locked
Says I have a VLK, try to change the key and it says the one I use is "blocked" RRS feed

  • Question

  • Hi I am working on a customers machine, and when I went to do updates (SP1... YIKES!) It said it needed validated, so I went through that whole process. afterward it said it was using a VLK. So I download the key changer tool from your site, and attempt to change it to the one listed on the bottom of the laptop, on an official license key sticker, and It said something like that key has been "blocked". so I'm guessing what happened here is this: Customer brought computer in for service at "shady computers Inc."Mr.Shady-Repairman switches out her lisence key for one of his cheaper VLK's. Mr.Shady-Repairman uses it on one of his machines and/or sells it.

    Sooo... why don't we flip the buck and lock that computer registered with that key out, and give the key back to its rightful owner, eh?

    please tell me what her options are  from here, and no I don't want to buy any more keys, this is Microsofts fault for a flawed system.


    I can also provide photographic evidence that this is the rightful computer for that product key too.

    p.s. Why isn't the Windows Activation Center phone number listed anywhere on the internet? I spent an hour or so looking for it (because I didn't want to reinstall her system)

    p.p.s. If its hidden by Microsoft, will they pay me off to take it down from my site if I list it? Just kidding!

    http://www.samswitzer.org
    Tuesday, February 17, 2009 5:51 PM

Answers

  • Good Morning Swizzler,

    Thank you for posting in the Windows Genuine Advantage Forum Swizzler. First I would like to ask have you compared the Certificate of Authenticity "COA" sticker against the actual operating system which is currently installed? This is very important because there are different product keys for the different versions of Windows. Product keys used for Windows XP Professional will not work for Windows XP Home edition and so forth. The COA sticker located on the bottom of your customer's laptop is an OEM-SLP version of Windows XP installed. Let me explain what OEM-SLP is:

    Computers built by large commercial manufacturers that come with Vista Pre-installed come with two (2) Product Keys; SLP and COA Key
    .  SLP stands for System Locked Pre-install. OEM manufacturer’s add an OEM identifier string to the system BIOS during manufacturing. Windows verifies this identifier during the boot process. In this way the end user will not be required to activate Windows. The OEM SLP Key is geared to work with the special instructions found on that Manufacturer’s computer hardware.  The Product Key is available on the COA sticker and not installed in the computer. For example all DELL OEM SLP Windows Vista systems use a single product key but the COA sticker on the machine contains the unique COA. The key located on the COA sticker should only be used in limited situations and requires telephone activation. Example should you require to reformate the computer the key from the COA sticker would be used. 

    Right now you do have a few options available. First the customer may purchase the WGA Kit which was presented when the computer failed validation. The cost is $149 or half of what the original cost. The customer could purchase an OEM System Builder Kit of Vista. The customer can file a piracy report by visiting http://www.microsoft.com/piracy. Last option is to visit the laptop's manufacturer Technical support section and request them to send you the original OEM SLP software.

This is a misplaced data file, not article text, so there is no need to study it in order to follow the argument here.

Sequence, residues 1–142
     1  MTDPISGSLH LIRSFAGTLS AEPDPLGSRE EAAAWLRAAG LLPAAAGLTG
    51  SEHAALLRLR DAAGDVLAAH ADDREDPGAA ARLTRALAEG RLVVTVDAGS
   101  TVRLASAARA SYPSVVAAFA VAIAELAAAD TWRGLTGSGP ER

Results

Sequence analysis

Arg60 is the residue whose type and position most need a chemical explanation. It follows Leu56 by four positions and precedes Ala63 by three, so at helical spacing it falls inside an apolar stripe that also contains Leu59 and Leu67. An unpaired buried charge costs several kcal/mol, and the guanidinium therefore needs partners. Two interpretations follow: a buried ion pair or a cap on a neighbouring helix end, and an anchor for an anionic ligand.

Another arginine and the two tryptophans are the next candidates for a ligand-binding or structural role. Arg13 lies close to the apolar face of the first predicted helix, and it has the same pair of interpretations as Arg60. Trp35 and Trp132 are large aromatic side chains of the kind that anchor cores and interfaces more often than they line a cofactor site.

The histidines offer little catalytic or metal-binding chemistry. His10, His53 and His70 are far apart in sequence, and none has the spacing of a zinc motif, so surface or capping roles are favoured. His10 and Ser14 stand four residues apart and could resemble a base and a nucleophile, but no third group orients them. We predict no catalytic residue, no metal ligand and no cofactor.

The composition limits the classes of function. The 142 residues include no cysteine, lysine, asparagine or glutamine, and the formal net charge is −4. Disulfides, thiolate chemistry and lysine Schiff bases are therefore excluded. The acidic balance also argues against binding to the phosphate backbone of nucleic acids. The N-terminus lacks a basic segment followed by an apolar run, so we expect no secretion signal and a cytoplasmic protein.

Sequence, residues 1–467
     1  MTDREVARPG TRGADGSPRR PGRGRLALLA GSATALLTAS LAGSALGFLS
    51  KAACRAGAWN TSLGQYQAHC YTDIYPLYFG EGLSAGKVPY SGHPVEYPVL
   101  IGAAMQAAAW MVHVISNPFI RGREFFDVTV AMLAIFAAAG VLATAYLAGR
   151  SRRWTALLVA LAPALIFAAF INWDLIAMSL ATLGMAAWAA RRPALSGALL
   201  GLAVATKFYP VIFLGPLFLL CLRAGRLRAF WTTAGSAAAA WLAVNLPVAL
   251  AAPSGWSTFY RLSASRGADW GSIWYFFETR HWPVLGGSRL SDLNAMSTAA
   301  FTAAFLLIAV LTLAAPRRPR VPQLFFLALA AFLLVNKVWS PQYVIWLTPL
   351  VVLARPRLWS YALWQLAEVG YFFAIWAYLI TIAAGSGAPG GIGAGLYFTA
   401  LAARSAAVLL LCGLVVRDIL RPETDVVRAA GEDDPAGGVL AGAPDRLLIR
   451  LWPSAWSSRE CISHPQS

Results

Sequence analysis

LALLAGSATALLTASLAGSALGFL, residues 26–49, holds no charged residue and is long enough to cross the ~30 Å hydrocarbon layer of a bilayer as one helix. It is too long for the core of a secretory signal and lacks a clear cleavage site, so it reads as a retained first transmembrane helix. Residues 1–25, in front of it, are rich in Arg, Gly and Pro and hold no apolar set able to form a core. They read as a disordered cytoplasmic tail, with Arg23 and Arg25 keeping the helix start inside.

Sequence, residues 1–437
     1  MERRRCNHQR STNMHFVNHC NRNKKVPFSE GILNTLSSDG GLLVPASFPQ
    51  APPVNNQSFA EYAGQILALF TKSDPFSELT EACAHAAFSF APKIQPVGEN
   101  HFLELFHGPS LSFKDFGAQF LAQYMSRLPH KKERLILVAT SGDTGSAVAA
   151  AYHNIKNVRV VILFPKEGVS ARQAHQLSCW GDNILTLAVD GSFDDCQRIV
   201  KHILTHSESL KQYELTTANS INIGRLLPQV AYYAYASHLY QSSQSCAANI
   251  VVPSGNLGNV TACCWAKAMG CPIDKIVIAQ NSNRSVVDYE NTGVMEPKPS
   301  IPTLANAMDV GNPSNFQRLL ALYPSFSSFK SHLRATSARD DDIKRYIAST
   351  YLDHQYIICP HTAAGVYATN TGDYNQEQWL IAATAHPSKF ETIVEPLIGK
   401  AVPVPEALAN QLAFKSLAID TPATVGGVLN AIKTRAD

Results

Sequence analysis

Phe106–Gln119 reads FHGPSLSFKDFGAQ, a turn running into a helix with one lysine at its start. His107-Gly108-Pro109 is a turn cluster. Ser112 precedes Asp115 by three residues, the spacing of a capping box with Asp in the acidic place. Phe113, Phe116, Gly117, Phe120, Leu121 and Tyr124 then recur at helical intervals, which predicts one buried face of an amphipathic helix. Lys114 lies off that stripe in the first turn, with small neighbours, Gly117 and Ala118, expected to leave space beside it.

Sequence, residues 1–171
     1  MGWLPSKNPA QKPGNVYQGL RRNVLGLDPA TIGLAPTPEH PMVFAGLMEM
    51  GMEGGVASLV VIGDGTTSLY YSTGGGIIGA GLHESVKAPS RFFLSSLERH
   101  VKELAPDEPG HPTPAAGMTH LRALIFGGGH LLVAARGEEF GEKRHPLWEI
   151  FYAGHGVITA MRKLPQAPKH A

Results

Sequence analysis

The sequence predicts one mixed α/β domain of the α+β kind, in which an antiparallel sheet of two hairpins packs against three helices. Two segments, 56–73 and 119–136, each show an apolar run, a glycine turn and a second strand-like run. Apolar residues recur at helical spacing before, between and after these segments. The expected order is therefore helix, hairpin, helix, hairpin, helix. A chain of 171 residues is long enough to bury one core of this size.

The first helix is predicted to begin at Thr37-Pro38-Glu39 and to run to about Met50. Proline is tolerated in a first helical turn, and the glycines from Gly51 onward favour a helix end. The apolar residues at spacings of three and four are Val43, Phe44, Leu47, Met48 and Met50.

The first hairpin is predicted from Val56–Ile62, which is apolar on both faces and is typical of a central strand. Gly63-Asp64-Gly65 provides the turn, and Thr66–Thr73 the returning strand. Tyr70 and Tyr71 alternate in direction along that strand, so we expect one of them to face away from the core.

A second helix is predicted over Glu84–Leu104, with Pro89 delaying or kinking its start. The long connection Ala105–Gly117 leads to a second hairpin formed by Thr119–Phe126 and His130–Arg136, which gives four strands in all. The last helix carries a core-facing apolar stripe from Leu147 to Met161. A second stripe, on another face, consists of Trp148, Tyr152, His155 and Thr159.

Thank you,


    Stephen

    Stephen Holm
    • Marked as answer by Stephen Holm Tuesday, February 17, 2009 6:44 PM
    Tuesday, February 17, 2009 6:44 PM
  • Swizzler,

    Did you check the COA sticker located on the bottom of the laptop? Currently the laptop is licensed to run the operating system which is physically located on the COA identified on the laptop unless your customer has previously purchased a retail or OEM System Builder version. Should you need assistance identifying the various COAs please visit
    http://www.howtotell.com


    Please run the Microsoft Genuine Advantage Diagnostic Test (MGADT) so that I may analyze the results.

    By clicking the link below, you will download the MGADT.  Then click the Run button. Then click the Run button again. Then click the Continue button to perform the diagnostic. The Windows tab should show, click the Copy button to paste your report to the clipboard.  Then paste the report into a New Post on this Forum by adding a post in it and pressing Ctrl V (to paste the text). Clicking the OK button will clear the Diagnostic window. Here is the download link:

     http://go.microsoft.com/fwlink/?linkid=52012

    Please tell us about the Certificate of Authenticity (COA) for your copy of Windows XP.

    1. What edition/version of Windows XP is titled?

    ·         Home

    ·         Professional

    ·         Media Center

    2. Does it read "OEM Software" or "OEM Product" in black lettering?

    3. Or, does it have the computer manufacturer's name in black lettering?

    4. Please provide the customer scenario you are experiencing.

    5. DO NOT post the Product Key.

    Not sure what to look for, see this page to reference your COA:

    http://www.microsoft.com/resources/howtotell/product.aspx?pID=2abf99cd-a5e4-469c-802e-55ca8ec542d5&cID=ea710cad-37b0-4975-bcd6-abfee19961df&method=oem&displaylang=en

    NOTE: The data collected with the Microsoft Genuine Advantage Diagnostic Tool does NOT contain any information that can personally identify you. The information can be fully reviewed, by you, before being posted.